Fohr continued: “Her voice was deep like mine, and I had never heard another woman sound similar in range. That was important for me. The album itself is incredible. The mix of live tracks (‘Now I Wanna Be Your Dog’) and studio takes to create a huge range of emotions and fidelity that encapsulate the wild earnestness of life. There is melody, there is feedback, and there is propulsive rhythm. It reminds me of The Stooges, but more sophisticated and hidden with clues.”
This Heat – Deceit
As punk rock rose in stature during the mid-1970s in London, bands were stripping away all elements of art that might have been labelled as “pretentious”. But the true dissidents knew that “punk” was about defying convention: that could include chants, electronics, or angular rhythms if need be. Nobody subverted convention like This Heat, and it’s not hard to hear how the iconoclastic band would have had a profound influence on Fohr’s own music.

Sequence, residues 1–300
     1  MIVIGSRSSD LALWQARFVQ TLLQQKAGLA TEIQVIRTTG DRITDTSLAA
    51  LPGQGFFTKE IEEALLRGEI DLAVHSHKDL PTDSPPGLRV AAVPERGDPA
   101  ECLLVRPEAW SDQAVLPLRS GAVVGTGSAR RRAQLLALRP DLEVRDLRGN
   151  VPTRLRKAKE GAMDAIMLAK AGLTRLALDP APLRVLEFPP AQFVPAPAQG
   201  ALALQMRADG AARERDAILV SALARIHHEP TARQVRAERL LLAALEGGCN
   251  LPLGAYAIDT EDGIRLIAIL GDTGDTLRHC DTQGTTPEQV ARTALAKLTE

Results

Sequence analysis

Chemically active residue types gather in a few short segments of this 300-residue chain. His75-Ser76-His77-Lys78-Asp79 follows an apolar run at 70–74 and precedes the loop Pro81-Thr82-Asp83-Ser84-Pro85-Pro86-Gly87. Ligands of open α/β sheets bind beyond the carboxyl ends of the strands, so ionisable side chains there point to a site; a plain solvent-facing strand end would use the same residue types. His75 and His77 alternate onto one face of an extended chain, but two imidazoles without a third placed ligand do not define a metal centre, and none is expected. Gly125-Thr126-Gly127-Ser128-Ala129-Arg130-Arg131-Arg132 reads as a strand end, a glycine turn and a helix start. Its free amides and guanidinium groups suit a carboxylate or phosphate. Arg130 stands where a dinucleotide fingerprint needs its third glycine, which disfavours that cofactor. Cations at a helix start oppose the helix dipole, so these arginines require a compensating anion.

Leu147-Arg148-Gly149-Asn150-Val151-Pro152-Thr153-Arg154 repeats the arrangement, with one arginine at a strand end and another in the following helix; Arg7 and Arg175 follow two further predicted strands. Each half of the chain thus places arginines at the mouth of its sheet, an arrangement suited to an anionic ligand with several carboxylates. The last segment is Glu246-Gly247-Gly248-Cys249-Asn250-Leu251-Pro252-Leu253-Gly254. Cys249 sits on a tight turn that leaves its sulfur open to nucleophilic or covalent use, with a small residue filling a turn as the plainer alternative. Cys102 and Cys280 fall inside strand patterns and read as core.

“This record has no contemporaries. The use of the cut-up method via analogue tape, and multiple vocal overlays of melody and timeless lyrics read like some Gregorian chant from the future,” Fohr said. “If Faust would have stopped and focused a little more, or if Talking Heads would have been into psilocybin, that is where you might find Deceit.”
Adding: “I had the pleasure of seeing This Is Not This Heat live four times in 2018. It was absolutely incredible how relevant their message was, and how powerful their performance remained. Charles Hayward is a legend, and their use of double percussion propulses these extremely heavy and mystical messages into catharsis.”
Mariah – Utakata No Hibi